Probation and Parole Officer Careers in Iowa

There are currently about 25 thousand people on probation and parole in Iowa, with over 8,200 others incarcerated. Over the next decade nationwide, parole officer careers are expected to grow by 18 percent. In Iowa there are currently around 600 people working jobs as probation and parole officers, making an average of over $62,000 each year.

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Required Experience and Education

Candidates for parole and probation jobs in Iowa must have at least an associate of arts degree, and a bachelor’s degree is preferred. Relevant fields of study include social work, criminal justice, and psychology, but the B.A. can be in any accredited subject. Although experience in related fields of employment is not a requirement, applicants with relevant training and experience are given priority over those without such qualifications. Applications from veterans, and especially disabled veterans, receive additional favorable consideration.

Placement Exam

A placement exam may be required depending on the jurisdiction to which the candidate is applying. The exams cover Iowa statutory law, hypothetical situations, basic grammar and writing skills, and deductive reasoning. Typically they consist of sections including:

  • Multiple choice
  • Short answer
  • Essay

Jurisdictional information can be found on the Iowa Department of Corrections website.

Training and Continuing Education

During the first year of employment probation and parole officers must attend 80 hours of training classes, including some at the Iowa Law Enforcement Academy. Depending on the jurisdiction, some additional hours of continuing education are required during each additional year of employment. The Iowa Department of Corrections provides refresher courses and continuing education annually for the training and benefit of current employees.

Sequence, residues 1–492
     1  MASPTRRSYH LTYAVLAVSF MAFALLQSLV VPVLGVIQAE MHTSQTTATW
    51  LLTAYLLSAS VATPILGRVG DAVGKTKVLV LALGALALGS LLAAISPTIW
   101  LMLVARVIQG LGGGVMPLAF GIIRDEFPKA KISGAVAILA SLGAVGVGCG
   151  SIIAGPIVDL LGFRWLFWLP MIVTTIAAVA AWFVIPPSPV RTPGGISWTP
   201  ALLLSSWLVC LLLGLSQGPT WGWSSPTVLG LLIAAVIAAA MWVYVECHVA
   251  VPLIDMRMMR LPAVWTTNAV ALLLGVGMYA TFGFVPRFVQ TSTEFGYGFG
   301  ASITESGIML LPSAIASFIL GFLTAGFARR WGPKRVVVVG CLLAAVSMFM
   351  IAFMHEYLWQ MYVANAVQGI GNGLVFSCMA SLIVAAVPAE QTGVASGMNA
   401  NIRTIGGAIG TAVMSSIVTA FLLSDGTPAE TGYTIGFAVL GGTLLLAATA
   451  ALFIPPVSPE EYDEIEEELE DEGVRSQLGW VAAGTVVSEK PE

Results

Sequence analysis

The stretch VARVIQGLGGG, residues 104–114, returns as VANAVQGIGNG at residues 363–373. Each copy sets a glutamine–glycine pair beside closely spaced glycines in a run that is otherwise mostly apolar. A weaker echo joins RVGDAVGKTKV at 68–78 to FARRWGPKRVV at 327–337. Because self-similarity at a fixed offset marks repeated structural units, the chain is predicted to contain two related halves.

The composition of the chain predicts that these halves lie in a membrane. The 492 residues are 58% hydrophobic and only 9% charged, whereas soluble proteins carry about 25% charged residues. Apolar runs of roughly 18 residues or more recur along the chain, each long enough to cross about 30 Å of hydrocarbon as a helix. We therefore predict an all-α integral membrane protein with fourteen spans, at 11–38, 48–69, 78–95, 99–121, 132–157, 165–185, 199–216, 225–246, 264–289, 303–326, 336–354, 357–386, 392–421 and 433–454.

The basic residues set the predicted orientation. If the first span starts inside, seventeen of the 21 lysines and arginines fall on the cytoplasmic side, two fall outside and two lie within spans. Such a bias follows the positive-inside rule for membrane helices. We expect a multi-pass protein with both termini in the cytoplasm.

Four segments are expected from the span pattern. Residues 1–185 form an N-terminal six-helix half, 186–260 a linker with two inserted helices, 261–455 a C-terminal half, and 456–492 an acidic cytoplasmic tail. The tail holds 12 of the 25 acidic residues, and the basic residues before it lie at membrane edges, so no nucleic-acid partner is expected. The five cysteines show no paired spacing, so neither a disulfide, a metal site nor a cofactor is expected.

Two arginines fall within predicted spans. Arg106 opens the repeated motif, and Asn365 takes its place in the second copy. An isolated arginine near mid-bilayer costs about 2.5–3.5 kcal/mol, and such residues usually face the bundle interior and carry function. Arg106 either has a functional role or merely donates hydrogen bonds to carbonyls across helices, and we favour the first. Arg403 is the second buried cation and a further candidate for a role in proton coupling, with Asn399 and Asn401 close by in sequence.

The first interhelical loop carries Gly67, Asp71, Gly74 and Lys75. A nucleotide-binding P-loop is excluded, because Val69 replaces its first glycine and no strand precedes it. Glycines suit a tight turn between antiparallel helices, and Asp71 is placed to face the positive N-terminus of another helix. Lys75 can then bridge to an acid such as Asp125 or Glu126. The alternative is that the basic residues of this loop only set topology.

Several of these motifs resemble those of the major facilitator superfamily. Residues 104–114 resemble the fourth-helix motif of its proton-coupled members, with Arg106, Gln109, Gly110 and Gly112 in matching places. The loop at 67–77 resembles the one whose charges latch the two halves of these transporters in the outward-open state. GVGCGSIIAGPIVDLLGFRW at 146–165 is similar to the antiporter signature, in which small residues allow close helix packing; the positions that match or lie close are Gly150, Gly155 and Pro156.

How to Become a Probation and Parole Officer in Iowa

For those seeking careers as probation and parole officers in Iowa, the first step is to meet the minimum requirements. These include:

  • U.S. citizenship
  • Ability to communicate in the English language
  • Technologically proficient
  • Good abilities in documentation and observation
  • Knowledge of laws pertaining to Iowa probation and parole

Probation and Parole Officers in Iowa

Probation and parole officers (PPOs) in the Hawkeye State are considered to be peace officers with the power of arrest. Officers may arrest parolees under the following conditions:

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  • The officers have been trained in arrest procedures
  • The officers have training in search and seizure, the use of force, and restraints such as handcuffs
  • If there is probable cause an offender has violated parole/probation conditions
  • Whenever possible, the PPO must consult with a supervisor and request appropriate assistance prior to making an arrest
  • An arrest warrant must be obtained when possible
  • If an appropriate unit is not available a PPO may arrest an offender if:
    • He or she surrenders to the PPO
    • When time is of the essence
    • When the offender poses an immediate threat to him/herself or the community
    • The PPOs supervisor has cleared the PPO to use the power of arrest

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